Offensively, the Chiefs had some interesting picks that will surely have some sort of impact in the upcoming season. With an average grade of a B+, the franchise had a decent draft on the offensive side of the ball. In addition to draft picks, notable/impressive offensive undrafted free agent signings are running back James Williams, QB/TE/FB John Lovett, and QB Kyle Shurmur.


S Juan Thornhill, Virginia, 6’0″, 205 lbs

Draft Grade: A

Thornhill is an absolute ballhawk. The Chiefs’ defensive staff had Thornhill as the top-rated safety in the draft, with some mocks even having him go in the first round. The Chiefs managed to take him with one of the last picks of the second round at #63 overall, which is a great value for such a talented player.

With the addition of Tyrann Mathieu, the Chiefs’ safety corps just found its new dynamic duo. While he has a knack for locating the ball, the main concern with Thornhill was his inconsistent tackling. Perhaps Thornhill caught onto this memo because his career tackling grades, per PFF, increased more than 20 points (72.2 to 86.4) from 2016 to his final season, 2018. In 2016, he had 45 total tackles; in 2018, he had 98 total tackles with 4.5 tackles-for-loss. In his last three seasons at Virginia, Thornhill had 13 interceptions and 1.5 sacks. He also had a lone forced fumble in 2016.

With 26 passes defended, Thornhill isolated himself as a talented safety who seemed to always be around the ball. He ranked #14th in the Atlantic Coast Conference with his 26 career defended passes. His 141 interception return yards were the most in the ACC in the 2018 season. Thornhill and Mathieu will likely be a dominant force together, with the veteran guiding the rookie and helping him develop throughout the offseason and regular season.

DT Khalen Saunders, Western Illinois, 6’0″, 318 lbs

Draft Grade: A+

First and foremost, it is important to note that Saunders has a very booming personality. In this regard, the closest comparison is Chiefs defensive end Chris Jones. Jones is known for his ecstatic demeanor and is always seen dancing or skipping around on the field or hyping the stadium up. Needless to say, Jones is the heart of the defense and he’s about to get a new best friend (who is also very athletic).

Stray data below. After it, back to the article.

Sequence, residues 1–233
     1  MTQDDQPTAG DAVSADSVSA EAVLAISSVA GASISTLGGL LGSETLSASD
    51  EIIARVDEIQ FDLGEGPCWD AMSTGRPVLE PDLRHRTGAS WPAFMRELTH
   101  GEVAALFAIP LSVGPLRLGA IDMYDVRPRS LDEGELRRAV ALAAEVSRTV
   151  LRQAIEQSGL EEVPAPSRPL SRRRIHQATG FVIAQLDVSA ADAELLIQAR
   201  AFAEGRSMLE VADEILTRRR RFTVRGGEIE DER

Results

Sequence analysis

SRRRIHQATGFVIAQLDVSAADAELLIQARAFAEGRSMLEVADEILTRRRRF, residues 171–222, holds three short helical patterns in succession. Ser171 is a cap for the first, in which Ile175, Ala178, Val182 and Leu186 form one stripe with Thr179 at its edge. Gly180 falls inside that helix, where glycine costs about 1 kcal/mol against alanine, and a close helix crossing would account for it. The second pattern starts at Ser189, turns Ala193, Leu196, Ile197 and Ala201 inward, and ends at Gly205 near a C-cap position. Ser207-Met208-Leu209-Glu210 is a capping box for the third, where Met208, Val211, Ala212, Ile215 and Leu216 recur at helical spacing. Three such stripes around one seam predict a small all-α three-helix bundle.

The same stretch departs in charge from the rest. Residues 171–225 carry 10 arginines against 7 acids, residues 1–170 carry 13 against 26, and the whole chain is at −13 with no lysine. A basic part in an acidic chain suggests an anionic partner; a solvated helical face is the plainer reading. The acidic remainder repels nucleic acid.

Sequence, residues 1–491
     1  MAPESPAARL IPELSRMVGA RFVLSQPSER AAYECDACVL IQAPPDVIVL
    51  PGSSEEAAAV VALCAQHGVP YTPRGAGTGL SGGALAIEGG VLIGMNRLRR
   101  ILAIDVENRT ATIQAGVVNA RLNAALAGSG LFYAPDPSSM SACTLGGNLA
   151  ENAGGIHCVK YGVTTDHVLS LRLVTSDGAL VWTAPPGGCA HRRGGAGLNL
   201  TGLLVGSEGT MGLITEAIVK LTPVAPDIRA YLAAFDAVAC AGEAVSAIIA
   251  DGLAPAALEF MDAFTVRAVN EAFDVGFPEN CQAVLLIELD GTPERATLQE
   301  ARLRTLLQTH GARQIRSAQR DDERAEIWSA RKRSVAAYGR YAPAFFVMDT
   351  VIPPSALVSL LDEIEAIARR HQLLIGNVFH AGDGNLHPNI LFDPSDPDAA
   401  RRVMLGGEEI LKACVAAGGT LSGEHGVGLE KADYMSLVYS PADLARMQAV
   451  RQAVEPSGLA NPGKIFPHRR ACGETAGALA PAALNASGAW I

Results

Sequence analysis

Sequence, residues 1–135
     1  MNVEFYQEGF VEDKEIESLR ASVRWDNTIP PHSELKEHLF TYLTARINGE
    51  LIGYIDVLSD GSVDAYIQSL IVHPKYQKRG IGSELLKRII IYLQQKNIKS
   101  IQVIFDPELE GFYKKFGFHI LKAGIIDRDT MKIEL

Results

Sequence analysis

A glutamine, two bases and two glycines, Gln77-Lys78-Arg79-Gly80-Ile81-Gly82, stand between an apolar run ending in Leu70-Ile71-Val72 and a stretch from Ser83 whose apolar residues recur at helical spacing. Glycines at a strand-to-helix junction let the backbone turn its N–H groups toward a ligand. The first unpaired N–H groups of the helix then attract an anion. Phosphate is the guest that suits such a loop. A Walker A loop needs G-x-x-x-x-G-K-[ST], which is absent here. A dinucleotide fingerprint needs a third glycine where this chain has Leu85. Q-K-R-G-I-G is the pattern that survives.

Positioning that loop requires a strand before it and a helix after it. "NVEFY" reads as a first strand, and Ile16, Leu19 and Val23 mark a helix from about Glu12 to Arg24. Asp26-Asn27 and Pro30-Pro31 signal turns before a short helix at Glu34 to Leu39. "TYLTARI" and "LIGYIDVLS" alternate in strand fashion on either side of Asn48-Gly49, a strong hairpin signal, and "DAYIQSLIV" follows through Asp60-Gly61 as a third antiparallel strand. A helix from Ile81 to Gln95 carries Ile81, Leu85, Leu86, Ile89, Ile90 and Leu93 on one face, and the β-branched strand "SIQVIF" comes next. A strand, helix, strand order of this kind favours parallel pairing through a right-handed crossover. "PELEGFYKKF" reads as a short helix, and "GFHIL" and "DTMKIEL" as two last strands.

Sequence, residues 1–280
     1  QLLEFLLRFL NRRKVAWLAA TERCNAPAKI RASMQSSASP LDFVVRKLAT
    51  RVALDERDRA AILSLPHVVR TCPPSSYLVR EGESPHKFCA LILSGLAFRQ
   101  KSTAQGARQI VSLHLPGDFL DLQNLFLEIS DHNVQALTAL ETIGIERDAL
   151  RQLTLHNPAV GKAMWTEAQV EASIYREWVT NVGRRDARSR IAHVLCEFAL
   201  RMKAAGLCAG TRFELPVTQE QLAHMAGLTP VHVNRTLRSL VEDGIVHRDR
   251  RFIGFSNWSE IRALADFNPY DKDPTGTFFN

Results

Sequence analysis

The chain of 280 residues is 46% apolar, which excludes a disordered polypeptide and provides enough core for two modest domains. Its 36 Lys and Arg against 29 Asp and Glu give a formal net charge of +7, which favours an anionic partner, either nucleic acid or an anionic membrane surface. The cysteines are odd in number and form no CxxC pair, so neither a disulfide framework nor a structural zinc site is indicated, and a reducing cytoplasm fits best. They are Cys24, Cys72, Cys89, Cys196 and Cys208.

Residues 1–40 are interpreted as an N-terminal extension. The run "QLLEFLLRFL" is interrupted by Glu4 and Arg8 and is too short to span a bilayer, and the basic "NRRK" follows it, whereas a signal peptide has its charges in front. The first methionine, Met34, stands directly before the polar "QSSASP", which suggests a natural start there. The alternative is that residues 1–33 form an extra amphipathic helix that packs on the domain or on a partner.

In his final collegiate season, Saunders had 72 total tackles—yes, 72!—which is almost unheard of for a defensive lineman. His closest comparison was “the Missouri Valley Conference’s Aaron Donald”. When a player is even mentioned in the same sentence as Donald, the star defensive lineman for the Los Angeles Rams, the former must be pretty special. Such is the case with Saunders, who cashed in not only on defense but offense as well.

How would someone stop something like this? A 320-pound missile coming at you at this speed would cause most to kindly step out of the big man’s way. He moves so quickly that he could almost be a tight end. Saunders’ athleticism and versatility make him one of the top value picks in the draft. If he can translate whatever hype is generated to the field, the Chiefs have found their new stuffer.

CB Rashad Fenton, South Carolina, 5’11”, 193 lbs

Draft Grade: C+

In his four years at South Carolina, Fenton had 2,380 snaps with an average of 595 snaps per season. While he is certainly not a starter and may not have a major role for the Chiefs heading into the season, he does provide nice depth for a cornerback corps that struggled in the 2018 season. 2018 could be considered a breakout year for Fenton, in which he had 39 tackles, 3 interceptions, 1 touchdown and 2 passes defended.

He allowed 32-of-54 receptions (59.3% catch rate), with an opposing passer rating of 65.3. His three interceptions led his team at South Carolina. With a 40-yard dash time of 4.52 seconds, he does not have the speed to keep up with speedsters, but could essentially be an underdeveloped Steven Nelson—the closest comparison. With some more development, Fenton could potentially find his way into having a sizeable role in the Chiefs’ rotation.

Defensively, the Chiefs drafted quite well in the earlier rounds, with a bit of a drop in the sixth round when they drafted Fenton. Fenton could still end up being a decent player for the Chiefs regardless of what role he may play, but that is yet to be determined. In addition to the early gold mine that the Chiefs found defensively, they were also able to land some undrafted free agents who were able to slip to them. Notable defensive UDFA’s include cornerback Mark Fields, CB Dakari Monroe, LB Darius Harris, and LB Gary Johnson.

Final Grade: B

The overall draft grade throughout this article for the Chiefs is a solid B. For not having a first-round pick, that is a rather nice grade. If it were to include UDFA’s, the grade could possibly rise to a B+ as additions like James Williams and Mark Field highlight a talented haul.

While depth is yet to be determined for the Chiefs at a number of positions, the rookies—both drafted and some signed as free agents—should find their way on the Chiefs’ roster with no problem.